Laura, all of a sudden, had to travel back home as their son was taken ill. John directed her to go and attend to their son; she left the husband in Venice. The clairvoyant lady had earlier warned them of a murderer running loose in town. She alleged that the villain killed youthful women and discarded their bodies in the inland waterways. As John traveled on a commuter boat in an impressive inland waterway, he perceived seeing a strange form. The vessel he was in bypassed an additional ferry with his wife and the two Scottish sisters. The craft looked like a memorial service vessel (Bryn 4). The form could be termed as weird since Laura had left the town for home. He recalled the old woman’s allegations about dead bodies being dumped into the canals. John then reflected on how his daughter had died. He started noticing a miniature being in a crimson red waterproof coat vanishing around bends. John was certainly disturbed by the incidences. In confusion, he thought it was best if he retreated back to the lodge.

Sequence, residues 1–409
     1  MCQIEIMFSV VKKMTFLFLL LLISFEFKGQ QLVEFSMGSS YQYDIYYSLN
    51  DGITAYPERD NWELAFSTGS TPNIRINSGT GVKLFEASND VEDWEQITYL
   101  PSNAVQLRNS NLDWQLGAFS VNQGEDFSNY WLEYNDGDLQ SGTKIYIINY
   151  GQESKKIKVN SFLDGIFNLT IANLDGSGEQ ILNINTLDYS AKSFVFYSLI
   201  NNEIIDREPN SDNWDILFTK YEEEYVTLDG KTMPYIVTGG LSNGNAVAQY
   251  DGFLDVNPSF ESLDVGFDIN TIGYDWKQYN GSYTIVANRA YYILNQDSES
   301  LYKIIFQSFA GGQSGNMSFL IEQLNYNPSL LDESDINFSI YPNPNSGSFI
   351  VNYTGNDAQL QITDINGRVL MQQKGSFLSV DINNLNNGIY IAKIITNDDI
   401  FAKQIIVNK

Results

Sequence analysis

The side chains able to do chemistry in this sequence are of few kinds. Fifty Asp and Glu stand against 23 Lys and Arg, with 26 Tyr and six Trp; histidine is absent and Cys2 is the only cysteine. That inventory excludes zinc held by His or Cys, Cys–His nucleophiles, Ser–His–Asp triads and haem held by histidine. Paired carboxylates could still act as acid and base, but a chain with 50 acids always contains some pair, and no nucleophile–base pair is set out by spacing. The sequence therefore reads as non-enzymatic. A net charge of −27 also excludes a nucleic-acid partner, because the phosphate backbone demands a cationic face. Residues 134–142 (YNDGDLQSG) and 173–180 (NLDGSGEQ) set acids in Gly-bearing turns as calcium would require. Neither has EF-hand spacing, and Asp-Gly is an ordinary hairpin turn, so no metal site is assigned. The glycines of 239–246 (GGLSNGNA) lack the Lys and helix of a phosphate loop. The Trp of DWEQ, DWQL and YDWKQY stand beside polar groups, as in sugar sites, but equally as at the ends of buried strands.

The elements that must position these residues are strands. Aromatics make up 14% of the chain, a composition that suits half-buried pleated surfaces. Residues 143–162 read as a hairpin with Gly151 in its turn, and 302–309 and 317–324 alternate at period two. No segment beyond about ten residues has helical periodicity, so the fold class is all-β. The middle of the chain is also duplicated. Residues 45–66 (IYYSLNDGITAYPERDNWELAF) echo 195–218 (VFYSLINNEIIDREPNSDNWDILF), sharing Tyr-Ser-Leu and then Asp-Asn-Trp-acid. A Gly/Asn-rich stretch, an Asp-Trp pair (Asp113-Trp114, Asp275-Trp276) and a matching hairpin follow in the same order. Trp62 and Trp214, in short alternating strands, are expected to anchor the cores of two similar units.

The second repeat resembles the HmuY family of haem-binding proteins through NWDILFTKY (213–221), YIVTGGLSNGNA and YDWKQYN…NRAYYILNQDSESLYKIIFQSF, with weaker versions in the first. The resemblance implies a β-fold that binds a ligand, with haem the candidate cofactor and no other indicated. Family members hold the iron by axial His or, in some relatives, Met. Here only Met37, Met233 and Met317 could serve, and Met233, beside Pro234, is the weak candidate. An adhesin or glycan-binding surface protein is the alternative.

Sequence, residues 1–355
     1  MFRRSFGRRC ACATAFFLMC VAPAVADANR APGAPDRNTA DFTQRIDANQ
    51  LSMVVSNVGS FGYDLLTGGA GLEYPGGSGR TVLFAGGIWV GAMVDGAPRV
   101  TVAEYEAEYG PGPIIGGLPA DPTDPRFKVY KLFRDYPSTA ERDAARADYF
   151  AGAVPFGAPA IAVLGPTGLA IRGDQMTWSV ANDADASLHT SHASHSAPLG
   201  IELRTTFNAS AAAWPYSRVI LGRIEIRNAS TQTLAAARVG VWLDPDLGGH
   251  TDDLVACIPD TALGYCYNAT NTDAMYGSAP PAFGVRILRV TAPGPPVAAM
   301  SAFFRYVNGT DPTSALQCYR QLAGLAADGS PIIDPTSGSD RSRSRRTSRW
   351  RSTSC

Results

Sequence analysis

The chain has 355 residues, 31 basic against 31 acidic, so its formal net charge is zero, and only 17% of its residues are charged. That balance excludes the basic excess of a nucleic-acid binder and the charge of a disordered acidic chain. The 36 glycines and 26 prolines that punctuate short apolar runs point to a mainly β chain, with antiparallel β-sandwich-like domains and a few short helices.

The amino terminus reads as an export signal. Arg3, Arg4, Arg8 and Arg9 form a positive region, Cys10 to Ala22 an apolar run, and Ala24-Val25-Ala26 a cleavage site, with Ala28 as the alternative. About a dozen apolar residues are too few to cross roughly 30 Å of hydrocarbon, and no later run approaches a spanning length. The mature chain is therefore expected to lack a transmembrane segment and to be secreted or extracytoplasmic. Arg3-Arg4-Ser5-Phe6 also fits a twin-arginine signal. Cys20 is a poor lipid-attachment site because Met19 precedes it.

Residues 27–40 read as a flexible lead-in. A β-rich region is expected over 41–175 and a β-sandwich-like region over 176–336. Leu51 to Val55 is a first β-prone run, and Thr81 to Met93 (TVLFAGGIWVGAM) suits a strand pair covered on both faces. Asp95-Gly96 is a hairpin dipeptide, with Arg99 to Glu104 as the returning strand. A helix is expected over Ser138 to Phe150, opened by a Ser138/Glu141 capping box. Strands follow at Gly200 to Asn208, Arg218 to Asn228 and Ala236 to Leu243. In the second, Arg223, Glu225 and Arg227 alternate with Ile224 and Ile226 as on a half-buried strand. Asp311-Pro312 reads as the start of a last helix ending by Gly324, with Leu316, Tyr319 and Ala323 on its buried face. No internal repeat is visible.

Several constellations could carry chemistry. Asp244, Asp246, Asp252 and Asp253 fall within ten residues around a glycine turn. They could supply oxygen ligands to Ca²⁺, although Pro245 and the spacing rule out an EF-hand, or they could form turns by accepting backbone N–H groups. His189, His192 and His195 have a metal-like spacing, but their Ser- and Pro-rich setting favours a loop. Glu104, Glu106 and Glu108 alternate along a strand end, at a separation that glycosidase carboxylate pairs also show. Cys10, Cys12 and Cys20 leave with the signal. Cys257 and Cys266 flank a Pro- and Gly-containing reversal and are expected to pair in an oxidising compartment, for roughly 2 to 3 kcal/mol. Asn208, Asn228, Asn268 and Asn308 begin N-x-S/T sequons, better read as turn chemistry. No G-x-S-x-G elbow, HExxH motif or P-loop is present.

Mr. Baxter rushed back to the hotel only to discover that his wife was nowhere to be found. Since he could not find Laura, an apparent judgment came to him. His thinking was that she had been captured by the spell of the two old women. John’s views increased creepiness in the play in that; supernatural powers were brought into perspective. He had earlier dismissed the assertions by the woman, yet, he later believed in supernatural possibilities. The story continued progressively. It gripped John into an acceptance of the old woman’s words. The clairvoyant woman had talked of looming danger on John’s life; this could have rung in his mind.